Saints were able to harness the opposition from outside the three point line during the third quarter, but Blaze were playing at a fast pace throughout the game.
The junior men left too much space under the basket, resulting in too many rebounds and second chance points.
A 28-18 loss gave Boroughmuir a commanding lead.
St Mirren had too many injury problems during the match to be a serious threat to the league leaders, but this gave coach Grimsley the opportunity to run the bench and give the younger players some valuable game time.
This quarter was Saints best from an attacking point of view, although a 27-25 loss gave Blaze a strong 111-78 win.
Saints’ top scorers were Colin Jackson with 24 points and Alastair Mathieson who netted 14 points.
St Mirren 61
Tayside Musketeers 41
ST Mirren under-16 women consolidated their top of the table position in the National League with an excellent 20 point victory against east coast challengers, Tayside Musketeers at the Lagoon Sports Centre.
And it was Saints international captain, Nicole Davidson, who caught the eye, with a fine performance both in defence and offence to inspire her team over the Arbroath based outfit.
The Paisley Grammar pupil had been struggling with injuries since the start of the season, but is now enjoying being back in the action again and making a considerable impact on the team’s performance.
Head coach, Lindsay Lang, was full of praise for her performance against the Muskies and said: “Nicole is an outstanding athlete and captain both on and off court and there is no doubt that the team functions best when she is leading the line.
“Her speed, skill and determination is infectious, it’s great to have her back.
“As for the result, it was a very workmanlike performance and we did exceptionally well in closing down the Musketeers main threats.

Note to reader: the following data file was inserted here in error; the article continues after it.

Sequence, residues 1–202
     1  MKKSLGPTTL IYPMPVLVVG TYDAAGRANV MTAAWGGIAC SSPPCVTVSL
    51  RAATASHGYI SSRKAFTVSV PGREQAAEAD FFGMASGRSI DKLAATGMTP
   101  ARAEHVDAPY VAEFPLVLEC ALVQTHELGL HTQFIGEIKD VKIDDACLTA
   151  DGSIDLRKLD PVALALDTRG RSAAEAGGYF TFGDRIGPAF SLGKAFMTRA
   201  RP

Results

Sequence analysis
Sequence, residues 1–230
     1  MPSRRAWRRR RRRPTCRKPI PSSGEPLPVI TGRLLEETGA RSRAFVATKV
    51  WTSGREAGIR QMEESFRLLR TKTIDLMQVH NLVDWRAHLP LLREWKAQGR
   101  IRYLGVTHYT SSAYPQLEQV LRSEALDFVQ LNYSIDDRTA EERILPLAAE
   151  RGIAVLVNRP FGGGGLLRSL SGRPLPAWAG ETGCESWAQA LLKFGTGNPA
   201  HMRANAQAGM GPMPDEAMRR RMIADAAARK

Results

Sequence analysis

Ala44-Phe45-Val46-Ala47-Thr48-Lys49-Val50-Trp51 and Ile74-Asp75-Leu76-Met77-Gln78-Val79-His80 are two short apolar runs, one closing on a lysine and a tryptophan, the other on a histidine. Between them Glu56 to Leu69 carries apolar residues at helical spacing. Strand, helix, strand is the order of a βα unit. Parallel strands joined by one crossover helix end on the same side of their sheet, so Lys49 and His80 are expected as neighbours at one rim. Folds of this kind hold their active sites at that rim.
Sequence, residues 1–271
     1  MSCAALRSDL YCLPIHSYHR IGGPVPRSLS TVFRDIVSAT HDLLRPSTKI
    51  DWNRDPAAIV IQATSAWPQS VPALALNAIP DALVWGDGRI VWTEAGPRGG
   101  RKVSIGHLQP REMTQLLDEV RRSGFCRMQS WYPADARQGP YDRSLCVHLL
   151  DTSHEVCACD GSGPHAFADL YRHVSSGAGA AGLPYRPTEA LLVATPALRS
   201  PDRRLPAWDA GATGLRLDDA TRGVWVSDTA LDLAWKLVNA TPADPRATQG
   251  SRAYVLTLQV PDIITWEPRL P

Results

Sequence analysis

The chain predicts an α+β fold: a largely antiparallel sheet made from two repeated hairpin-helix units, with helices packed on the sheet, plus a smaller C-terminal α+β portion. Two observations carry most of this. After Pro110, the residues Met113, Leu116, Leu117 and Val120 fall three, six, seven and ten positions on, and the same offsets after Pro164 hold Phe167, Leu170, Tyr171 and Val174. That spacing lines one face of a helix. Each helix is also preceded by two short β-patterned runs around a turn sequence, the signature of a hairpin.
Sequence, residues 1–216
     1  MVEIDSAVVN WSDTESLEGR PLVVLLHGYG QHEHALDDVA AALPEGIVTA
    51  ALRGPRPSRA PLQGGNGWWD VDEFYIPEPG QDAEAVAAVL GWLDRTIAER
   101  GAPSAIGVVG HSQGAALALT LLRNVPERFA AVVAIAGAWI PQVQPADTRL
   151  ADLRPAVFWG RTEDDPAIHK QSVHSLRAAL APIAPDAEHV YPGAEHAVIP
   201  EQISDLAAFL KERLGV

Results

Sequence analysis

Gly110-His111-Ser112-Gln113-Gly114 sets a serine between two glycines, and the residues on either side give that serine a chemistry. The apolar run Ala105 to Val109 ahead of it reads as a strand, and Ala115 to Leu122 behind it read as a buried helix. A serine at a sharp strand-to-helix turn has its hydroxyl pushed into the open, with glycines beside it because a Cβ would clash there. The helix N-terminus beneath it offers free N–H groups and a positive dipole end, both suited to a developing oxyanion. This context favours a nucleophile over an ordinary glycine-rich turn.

“We must continue to build from this success.”
The match started slowly with neither team taking the initiative, but great defence from Davidson and Clare Dewar settled the home side as they pushed into a 14-7 lead at the end of the first quarter, with Emilie Johnstone, Nina Gilbert and Clare Dewar the main scorers.
As the visitors stepped up going basket for basket with Saints, Fiona Harris worked the defence well with two power moves from close range to extend the home side’s lead.
Nicole Davidson’s surging runs consistently worried the Musketeers defence as she led her team to a 10 point advantage at the half.
The third period saw an explosive start for Saints as they pressured the Tayside team in the front court to steal the ball and score in numerous occasions, with smart play from both Niamh Macleod and Nina Gilbert, who once again was top scoring for her team.
Leading by 16 points going into the final quarter, Saints continued to dominate play with Zoe McKinlay rebounding well on the defensive end.
As Lang ran his bench in the closing stages, Saints pushed further ahead to win comfortably 61-41
Top Saints scorers were Nina Gilbert on 13 points, Emile Johnstone with 10 points, Nicole Davidson with nine points, Fiona Harris with eight points and Clare Dewar on seven points.